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February 27, 2017
Interview: Grammy Winner Melissa Manchester On Life in the Music Business and Her Return to Feinstein’s/54 Below

Grammy Award-winning singer/songwriter Melissa Manchester makes her return to Feinstein’s/54 Below for four performances only this March. On Friday, March 3rd and Saturday, March 4th, Ms. Manchester will take the stage at her favorite NYC performance venue and share the songs, memories, and experiences that have shaped her over 40-year career in the music business.

StageBuddy had the amazing opportunity to catch up with Manchester before her shows begin about her career experiences, musical influences, the hunger that has sustained her journey, new projects, and more.

You must be so excited to be back at Feinstein’s/54 Below! What are you most looking forward to as you return to the stage?

The room is extremely comfortable and cozy. The location is in the middle of the theater district – a very familiar neighborhood to me. I love the fact that most of the wait staff are young performers and New York is my hometown, so I’m always happy to be back! I’ve played different clubs around the city and feel most comfortable at 54 Below.

Will the evenings be centered around certain themes or reflections on your career?

Part of it will be playing the hits, but the other part is trying out some new material. I love that audiences at 54 Below are excited to take the ride with you. Right after I leave New York and 54 Below, I’ll go back into the studio and start working on a new project. It’s a follow-up to my Tribute album – which was an album I made about 20 years ago, for several of the female singers who meant so much to me in my very young years and I always wanted to do a follow-up dedicated to some of the men who meant a lot to me. The project is called The Fellas.

Can you spill any hints about who some of those fellas may be?

Frank Sinatra, Mel Tormé, Tony Bennett -- that group -- with some surprise guests on the recording. I’m really looking forward to getting started on this project.

You started your music career when you were in your teens. What would you say has sustained that passion and drive through the years?

The hunger to create -- it has its own impulse. When I’m inspired, or attracted to an idea, a group of words, or a tune that’s been in my head – my brain holds on into and I keep following that instinct. I know the feeling and when it’s present and when it’s time to follow something. My last album, You Gotta Love the Life, is my tribute to the artistic life -- my artistic experience. It’s always serving your creative hunger and it keeps you inspired, strong, and vibrant. It’s something that you can pass along. In fact, that phrase “You Gotta Love the Life” came out of a discussion with my daughter – she was considering becoming an artist. I said to her that your talent is just a nugget that gets you into the door but it’s the whole unsteady journey that’s fascinating to me. That’s what you must be willing to get comfortable with. Out of that, Sharon Vaughn and I wrote the song “You Gotta Love the Life” and it’s so funny because every time I sing it at 54 Below, the wait staff joins in and sings it with me – it’s really the sweet truth!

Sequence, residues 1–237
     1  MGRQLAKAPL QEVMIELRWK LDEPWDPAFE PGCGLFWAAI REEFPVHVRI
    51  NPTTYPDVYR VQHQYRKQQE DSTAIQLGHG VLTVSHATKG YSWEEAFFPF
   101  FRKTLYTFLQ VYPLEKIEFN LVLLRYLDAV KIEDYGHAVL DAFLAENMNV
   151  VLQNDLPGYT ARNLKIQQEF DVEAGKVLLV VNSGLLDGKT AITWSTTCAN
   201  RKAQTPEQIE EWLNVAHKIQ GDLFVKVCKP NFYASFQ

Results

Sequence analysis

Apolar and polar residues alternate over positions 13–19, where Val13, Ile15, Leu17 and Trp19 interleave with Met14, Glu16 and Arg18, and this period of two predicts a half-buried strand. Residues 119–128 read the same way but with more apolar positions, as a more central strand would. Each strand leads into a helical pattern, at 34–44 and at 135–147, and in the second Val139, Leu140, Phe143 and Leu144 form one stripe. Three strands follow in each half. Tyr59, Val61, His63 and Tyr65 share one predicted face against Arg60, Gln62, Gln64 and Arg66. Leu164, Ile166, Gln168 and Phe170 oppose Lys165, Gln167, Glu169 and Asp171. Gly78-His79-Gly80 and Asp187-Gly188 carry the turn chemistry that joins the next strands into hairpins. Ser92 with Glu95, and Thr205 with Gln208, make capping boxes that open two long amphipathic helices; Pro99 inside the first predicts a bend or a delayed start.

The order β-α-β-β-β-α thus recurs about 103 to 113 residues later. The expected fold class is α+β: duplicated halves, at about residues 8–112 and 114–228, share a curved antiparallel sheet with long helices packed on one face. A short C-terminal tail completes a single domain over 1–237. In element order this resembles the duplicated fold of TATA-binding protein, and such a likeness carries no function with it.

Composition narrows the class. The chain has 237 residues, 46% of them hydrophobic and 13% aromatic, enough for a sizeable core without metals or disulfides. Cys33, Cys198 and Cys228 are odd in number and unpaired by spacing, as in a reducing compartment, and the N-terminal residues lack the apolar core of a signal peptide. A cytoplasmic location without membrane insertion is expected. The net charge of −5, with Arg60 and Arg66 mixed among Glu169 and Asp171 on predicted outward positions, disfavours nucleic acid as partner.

Can you describe the greatest joy in creating this self-made album?

There are very few songs written about show business, and to write an album that’s coming from your front-line experiences is beyond fulfilling. “You Gotta Love the Life” is a song that I couldn’t have written a second before I did -- I have 45 years of this walk and it’s a very specific point of view and it’s fantastic to share that in tribute to the people that I’ve met and worked with along the way.

Who are some of your biggest musical influences?

The ones that locked in when I was very young through my teen years are immovable. I first heard Ella Fitzgerald when I was five, and all I wanted to do was sing like her and then became a songwriter. The excellence of songwriting was at such a peak in The Great American Songbook, Vol. 1 and I was privileged to study with Paul Simon when I was 17 -- an excellent songwriter. I know what the standard is that I’m striving for. It keeps me going and is a grand way to spend my life.

I read that your students helped inspire the idea of crowdfunding for your album. Was that that experience like?

I’m an adjunct professor at the University of Southern California. My students came in with their projects and they told me about crowdfunding and said, “You should do that and we’ll help you!” One of my students became my project manager, and others were part of my street team. They walked me and my management into this new world and was so fascinating. They were a part of the journey and there were all kinds of magnificent guest artists that were on the album – including Dionne Warwick, Stevie Wonder, the late Joe Sample, and the late Hal David. Terry Wollman co-produced the album, and it was incredible for the students to be part of all these adventures and for Citrus College where I recorded the album. The energy kept going back and forth and was wonderful to have my students observe as we were making music. It was unbelievable and was one of the greatest and most liberating experiences of my life.

Do you have any advice for the next generation as they navigate the industry?

They are in a very new and unfamiliar version of the music industry than when I started at their age. My advice is that one must be open-minded, open-hearted, and say yes!

Tickets and information are available at

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Written by: Courtney Marie
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